Traders returning to work after a long Fourth of July weekend have been greeted by scorching temperatures across much of the Northeast, with the National Weather Service even advising that the early July heat wave could produce “a dangerous situation.” An excessive heat advisory went into effect for a handful of Northeastern cities on Monday, and is expected to remain in place for several days as high humidity levels and triple digit temperatures blast the region. Highs in New York City were expected to range from 100 to 102 degrees on Tuesday, prompting the city to set up “cooling stations” offering refuge from the heat.
Other major U.S. cities are also under siege from skyrocketing temperatures; Philadelphia, Washington, and Baltimore are all under heat advisories, as are large areas of New Jersey, northern Virginia, and New Jersey.
The rash of higher-than-normal temperatures have prompted concerns of heat-related illnesses or even deaths, bringing back memories of a 1980 heat wave that killed more than 1,200 people along the East coast. The almost unbearable conditions have inhabitants of affected cities longing for a wave of storms to move through later this week and provide relief. But investors in the United States Natural Gas Fund (UNG) are cheering news of the heat wave, and hoping the blistering temperatures hang around for a while.
As a result of the heat wave moving through the eastern part of the country, air conditioners in the entire region are running at full blast. That translates into a spike in power demand, which in turn increases the need for natural gas-fueled power plants. “Hot temperatures increase gas demand as mostly gas-fired power plants are called on to meet spikes in power demand caused by air conditioning usage,” writes Mark Peters. “Prolonged hot spells can make a dent in gas storage levels, which have been strong amid increased production from shale gas formations.”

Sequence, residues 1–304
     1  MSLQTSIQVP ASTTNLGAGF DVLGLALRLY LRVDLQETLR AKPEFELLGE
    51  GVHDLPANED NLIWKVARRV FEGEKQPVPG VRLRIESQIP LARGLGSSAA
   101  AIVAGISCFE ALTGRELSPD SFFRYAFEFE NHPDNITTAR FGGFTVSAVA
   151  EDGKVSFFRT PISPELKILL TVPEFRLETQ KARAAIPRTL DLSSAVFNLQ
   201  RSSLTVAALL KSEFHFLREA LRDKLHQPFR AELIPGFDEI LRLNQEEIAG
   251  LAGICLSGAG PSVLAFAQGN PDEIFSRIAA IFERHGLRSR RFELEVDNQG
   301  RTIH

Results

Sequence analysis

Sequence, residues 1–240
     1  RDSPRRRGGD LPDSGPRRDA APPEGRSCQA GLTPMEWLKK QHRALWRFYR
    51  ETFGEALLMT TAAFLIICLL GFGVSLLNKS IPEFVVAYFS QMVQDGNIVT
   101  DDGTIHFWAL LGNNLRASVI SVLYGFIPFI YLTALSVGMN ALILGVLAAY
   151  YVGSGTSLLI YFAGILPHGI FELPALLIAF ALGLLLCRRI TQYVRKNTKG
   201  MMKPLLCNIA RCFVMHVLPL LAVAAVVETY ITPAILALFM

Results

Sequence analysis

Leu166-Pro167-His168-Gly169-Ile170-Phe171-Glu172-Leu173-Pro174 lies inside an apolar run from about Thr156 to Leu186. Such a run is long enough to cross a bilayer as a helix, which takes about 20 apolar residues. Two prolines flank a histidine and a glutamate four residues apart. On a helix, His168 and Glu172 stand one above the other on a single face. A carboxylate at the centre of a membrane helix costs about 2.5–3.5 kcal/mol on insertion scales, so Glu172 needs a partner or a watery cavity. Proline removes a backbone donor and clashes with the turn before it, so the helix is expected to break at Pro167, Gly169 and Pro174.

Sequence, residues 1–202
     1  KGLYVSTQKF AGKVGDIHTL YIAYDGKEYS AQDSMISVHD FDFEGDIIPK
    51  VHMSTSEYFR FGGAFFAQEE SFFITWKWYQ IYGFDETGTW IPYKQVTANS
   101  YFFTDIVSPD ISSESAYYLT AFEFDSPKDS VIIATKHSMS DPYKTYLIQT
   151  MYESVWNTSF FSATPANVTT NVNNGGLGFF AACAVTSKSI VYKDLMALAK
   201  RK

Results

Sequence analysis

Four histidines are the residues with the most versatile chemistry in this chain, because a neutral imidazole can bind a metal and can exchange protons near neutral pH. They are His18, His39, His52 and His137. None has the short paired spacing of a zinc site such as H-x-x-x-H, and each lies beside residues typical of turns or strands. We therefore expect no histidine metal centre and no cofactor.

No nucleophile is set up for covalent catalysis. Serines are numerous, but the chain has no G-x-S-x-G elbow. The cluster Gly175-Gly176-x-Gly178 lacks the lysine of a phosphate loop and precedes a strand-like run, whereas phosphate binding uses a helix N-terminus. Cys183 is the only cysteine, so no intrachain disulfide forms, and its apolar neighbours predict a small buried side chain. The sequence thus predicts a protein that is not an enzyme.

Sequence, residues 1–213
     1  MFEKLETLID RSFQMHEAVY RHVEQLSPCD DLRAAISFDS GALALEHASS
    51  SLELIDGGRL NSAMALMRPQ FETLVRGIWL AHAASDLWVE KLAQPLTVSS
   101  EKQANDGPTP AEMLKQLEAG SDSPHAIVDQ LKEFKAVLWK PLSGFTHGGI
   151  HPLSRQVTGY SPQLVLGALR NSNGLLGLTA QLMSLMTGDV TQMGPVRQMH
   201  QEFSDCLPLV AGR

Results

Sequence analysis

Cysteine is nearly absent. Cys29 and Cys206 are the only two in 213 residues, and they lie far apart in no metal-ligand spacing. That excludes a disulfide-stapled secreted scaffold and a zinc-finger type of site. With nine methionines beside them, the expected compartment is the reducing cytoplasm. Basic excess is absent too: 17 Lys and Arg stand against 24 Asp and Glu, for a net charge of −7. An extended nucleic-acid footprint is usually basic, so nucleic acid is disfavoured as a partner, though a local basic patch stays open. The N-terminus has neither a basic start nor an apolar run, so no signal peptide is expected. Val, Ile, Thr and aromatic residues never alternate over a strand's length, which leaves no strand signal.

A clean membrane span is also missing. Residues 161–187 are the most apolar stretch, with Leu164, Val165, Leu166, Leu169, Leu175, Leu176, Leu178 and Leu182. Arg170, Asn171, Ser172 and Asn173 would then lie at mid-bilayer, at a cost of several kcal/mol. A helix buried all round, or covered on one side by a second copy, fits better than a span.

UNG In Focus
The United States Natural Gas Fund (UNG) was surging on Tuesday, climbing more than 4.3% in late morning trading. UNG utilizes a futures-based strategy to offer investors exposure to natural gas prices; the fund’s current holdings consist of August contracts. By investing primarily in near month futures contracts, UNG offers investors exposure to natural gas; the fund exhibits a near-perfect correlation with spot prices. But it also has the potential to incur a material “roll yield” when it sells expiring contracts and purchases longer-dated futures each month, a factor that has historically caused UNG to lag the hypothetical return on spot natural gas prices.
After plummeting for most of 2009 and the first quarter of 2010, UNG has staged an impressive rally in recent weeks, thanks to a combination of worries over an active hurricane season, a spike in temperatures, and strong demand from domestic factories [see Five Drivers Of UNG's Spring Rally]. In addition to monitoring thermometers in New York and Philadelphia, gas investors have kept a careful eye on the Gulf of Mexico, where a low pressure area near the Yucatan Peninsula has a 30% chance of developing into a tropical cyclone before the end of the week. Because a significant portion of domestic natural gas supplies originate in the Gulf of Mexico, a storm in the region could result in a major supply disruption.
Look for UNG to be very active over the next two weeks; investors will be eagerly awaiting inventory reports due out this Thursday and next to evaluate the impact of the recent heat wave and a potential tropical storm on supplies.
For updates on UNG and all big ETF movers, sign up for our free ETF newsletter.
Disclosure: No positions at time of writing.